The objective of this article is to promote an understanding of the need for colorectal cancer (CRC) screening and prevention.
Current guidelines on screening will be presented. The awareness of risk factors will be highlighted.
1.24 million new cases of CRC were diagnosed in 2008, with 394,000 deaths from this disease. In the southern hemisphere, most cases are seen in Australia and New Zealand.
USA data predict 120,000 new cases in 2015, with 50,000 deaths. Colorectal cancer is the 3rd leading cause of cancer death in the USA.
The death rate is declining, due to more widespread screening and earlier diagnosis.
Early diagnosis results in better 5-year survival, ranging from 92% in early cancer to 11% in advanced cancer.
About 80% of colorectal cancers are sporadic, due to genetic mutations that occur in a person lifetime.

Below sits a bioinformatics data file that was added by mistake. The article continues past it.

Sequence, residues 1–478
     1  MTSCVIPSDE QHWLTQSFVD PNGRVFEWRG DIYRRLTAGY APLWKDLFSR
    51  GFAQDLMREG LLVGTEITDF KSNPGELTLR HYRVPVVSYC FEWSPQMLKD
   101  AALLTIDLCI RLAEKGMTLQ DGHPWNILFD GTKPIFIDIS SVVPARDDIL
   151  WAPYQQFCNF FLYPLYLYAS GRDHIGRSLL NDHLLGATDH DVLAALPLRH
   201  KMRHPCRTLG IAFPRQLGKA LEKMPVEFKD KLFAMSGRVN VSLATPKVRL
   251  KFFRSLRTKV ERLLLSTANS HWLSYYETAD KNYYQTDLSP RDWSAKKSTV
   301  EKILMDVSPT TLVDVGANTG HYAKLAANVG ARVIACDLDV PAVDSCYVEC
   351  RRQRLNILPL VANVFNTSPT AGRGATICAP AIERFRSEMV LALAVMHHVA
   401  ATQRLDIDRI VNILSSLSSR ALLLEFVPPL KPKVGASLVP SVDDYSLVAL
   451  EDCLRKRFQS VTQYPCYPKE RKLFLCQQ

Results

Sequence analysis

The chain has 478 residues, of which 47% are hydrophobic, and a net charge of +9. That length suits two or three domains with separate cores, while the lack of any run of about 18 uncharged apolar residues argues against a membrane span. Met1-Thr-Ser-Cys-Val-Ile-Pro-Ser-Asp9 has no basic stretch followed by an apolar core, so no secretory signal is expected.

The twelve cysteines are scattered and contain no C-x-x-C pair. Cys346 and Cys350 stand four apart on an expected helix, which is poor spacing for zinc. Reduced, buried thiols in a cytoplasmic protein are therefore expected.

Sporadic CRCs tend to occur in older individuals, compared to inherited cancers. CRCs develop through an adenoma-cancer sequence.
The adenomas are benign premalignant lesions, which once removed, will not process to cancer.
It is this fact that makes CRC amenable to screening and prevention.
Risk factors for CRC:
Non-modifiable risk factors include
2. Personal history of adenomatous polyps or cancer
3. Family history of colon polyps or cancer
4. Inflammatory bowel disease-ulcerative colitis and Crohn’s disease
5. Inherited genetic risk e.g. Familial adenomatous polyposis and Hereditary non-polyposis CRC or Lynch syndrome
1. Nutritional factors-eating charred red meat, a diet high in animal fat, processed meat.
2. Physical inactivity and obesity.
3. Cigarette smoking
4. Heavy alcohol consumption…
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© Dr. H Schneider, Registered Gastroenterologist, GI Doc Johannesburg
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